Behçet’s disease

Behçet’s disease is a rare and poorly understood condition that causes inflammation (swelling) of the blood vessels.

Information written and reviewed by Certified Doctors.

Contents

Introduction

Behçet’s disease is a rare and poorly understood condition that causes inflammation (swelling) of the blood vessels.

It is also known as Behçet’s syndrome.

The inflammation often occurs in the mouth and genitals, which leads to the two most common symptoms of Behçet’s disease:

  • mouth ulcers – painful, clearly defined round or oval sores that form in the mouth
  • genital ulcers

However, the inflammation can affect blood vessels located throughout the body and can cause a wide variety of symptoms. These can be relatively mild, such as headaches and acne, or more serious, such as vision loss. In some cases symptoms can be life-threatening, such as stroke.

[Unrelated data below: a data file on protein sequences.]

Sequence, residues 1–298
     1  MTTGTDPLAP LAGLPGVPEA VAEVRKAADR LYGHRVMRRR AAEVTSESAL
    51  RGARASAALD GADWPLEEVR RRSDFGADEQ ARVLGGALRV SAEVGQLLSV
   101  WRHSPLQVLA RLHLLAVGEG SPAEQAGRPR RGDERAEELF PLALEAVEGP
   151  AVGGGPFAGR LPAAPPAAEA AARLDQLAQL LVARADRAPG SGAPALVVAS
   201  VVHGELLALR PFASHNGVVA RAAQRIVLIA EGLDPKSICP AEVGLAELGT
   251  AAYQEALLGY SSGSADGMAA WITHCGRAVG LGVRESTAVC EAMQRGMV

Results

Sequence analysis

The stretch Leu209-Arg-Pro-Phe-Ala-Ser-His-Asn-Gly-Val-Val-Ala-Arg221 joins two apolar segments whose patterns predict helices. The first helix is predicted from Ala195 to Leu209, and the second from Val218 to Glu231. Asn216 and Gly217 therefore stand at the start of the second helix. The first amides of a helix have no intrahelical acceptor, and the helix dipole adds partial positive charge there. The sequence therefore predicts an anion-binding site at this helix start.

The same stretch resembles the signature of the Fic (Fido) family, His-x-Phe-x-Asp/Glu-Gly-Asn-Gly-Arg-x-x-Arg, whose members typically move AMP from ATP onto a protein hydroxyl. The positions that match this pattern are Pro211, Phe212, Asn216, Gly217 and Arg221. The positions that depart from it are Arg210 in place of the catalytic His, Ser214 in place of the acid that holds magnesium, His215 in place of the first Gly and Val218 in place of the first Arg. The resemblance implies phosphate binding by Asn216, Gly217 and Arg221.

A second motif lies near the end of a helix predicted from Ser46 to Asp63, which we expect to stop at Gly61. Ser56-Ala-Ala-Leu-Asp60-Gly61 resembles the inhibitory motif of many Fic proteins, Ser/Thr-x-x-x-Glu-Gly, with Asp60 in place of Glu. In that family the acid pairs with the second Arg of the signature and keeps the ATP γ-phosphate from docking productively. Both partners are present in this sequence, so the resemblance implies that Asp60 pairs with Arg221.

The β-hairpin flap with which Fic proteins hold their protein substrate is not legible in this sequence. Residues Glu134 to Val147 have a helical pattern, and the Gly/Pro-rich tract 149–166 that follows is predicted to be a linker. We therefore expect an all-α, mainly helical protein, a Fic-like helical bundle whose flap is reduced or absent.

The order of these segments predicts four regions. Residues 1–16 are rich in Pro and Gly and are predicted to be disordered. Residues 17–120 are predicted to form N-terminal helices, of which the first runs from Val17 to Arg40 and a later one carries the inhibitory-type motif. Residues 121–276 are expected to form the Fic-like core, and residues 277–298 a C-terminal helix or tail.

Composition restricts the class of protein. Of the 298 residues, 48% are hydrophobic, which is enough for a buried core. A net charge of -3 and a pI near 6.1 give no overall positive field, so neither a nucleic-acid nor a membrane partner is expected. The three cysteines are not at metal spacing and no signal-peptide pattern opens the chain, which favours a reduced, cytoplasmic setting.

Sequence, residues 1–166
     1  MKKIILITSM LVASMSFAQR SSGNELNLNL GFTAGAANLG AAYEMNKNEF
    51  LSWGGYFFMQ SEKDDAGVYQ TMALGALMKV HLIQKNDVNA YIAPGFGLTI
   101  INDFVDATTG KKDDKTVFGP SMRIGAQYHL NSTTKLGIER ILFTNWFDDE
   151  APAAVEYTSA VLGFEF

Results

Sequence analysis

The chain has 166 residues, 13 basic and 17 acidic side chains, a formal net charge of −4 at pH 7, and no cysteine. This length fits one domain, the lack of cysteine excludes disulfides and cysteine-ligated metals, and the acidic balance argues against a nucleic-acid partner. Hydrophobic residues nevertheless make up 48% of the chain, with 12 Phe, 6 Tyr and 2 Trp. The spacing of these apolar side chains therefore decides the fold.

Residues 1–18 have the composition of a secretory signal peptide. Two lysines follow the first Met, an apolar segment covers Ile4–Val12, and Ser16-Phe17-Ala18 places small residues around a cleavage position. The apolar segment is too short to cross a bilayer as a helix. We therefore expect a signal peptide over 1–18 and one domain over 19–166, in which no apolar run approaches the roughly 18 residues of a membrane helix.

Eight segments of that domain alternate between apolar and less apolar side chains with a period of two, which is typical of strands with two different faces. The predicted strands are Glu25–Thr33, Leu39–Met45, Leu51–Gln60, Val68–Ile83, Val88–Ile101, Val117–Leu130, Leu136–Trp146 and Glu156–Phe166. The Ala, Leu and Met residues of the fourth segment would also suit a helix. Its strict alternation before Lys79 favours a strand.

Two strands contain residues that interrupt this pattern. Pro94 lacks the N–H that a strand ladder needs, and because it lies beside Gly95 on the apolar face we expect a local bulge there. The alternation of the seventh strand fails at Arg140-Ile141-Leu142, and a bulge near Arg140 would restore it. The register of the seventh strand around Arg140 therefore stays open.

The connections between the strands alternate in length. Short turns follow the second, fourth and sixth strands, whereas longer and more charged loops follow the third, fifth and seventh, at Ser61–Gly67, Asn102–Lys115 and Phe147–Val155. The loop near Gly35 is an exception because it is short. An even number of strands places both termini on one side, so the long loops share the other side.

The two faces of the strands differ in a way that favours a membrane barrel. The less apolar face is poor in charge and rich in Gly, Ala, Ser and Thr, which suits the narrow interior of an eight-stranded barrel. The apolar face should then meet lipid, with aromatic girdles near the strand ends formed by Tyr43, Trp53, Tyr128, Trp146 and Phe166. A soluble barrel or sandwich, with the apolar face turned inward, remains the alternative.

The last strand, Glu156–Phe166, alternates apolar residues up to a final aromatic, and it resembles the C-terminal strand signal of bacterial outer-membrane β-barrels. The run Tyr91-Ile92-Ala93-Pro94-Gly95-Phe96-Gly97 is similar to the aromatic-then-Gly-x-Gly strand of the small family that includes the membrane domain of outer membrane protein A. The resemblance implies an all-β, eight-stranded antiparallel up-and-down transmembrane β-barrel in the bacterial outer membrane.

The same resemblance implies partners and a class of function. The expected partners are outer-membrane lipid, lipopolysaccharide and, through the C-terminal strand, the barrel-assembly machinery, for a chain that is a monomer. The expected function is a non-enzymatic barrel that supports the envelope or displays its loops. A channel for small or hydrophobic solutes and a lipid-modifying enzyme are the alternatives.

Read more about the symptoms of Behçet’s disease.

There is no single test that can be used to diagnose Behçet’s disease. A diagnosis is usually made based on your symptoms and by ruling out other conditions.

What causes Behçet’s disease?

The cause of Behçet’s disease is unknown, although most experts believe that it is an autoimmune condition. An autoimmune condition is where the immune system, which is the body’s natural defence against infection and illness, mistakenly attacks healthy tissue. Rheumatoid arthritis and lupus are examples of more common autoimmune conditions.

Read more about the causes of Behçet’s disease.

Who is affected?

Behçet’s disease tends to be more common in the 'silk road' countries of the Far East, Middle East and Mediterranean, such as Turkey, Iran and Israel.

Turkey has the highest number of cases of Behçet’s disease. In some parts of the country around 420 people out of every 100,000 are affected by the condition.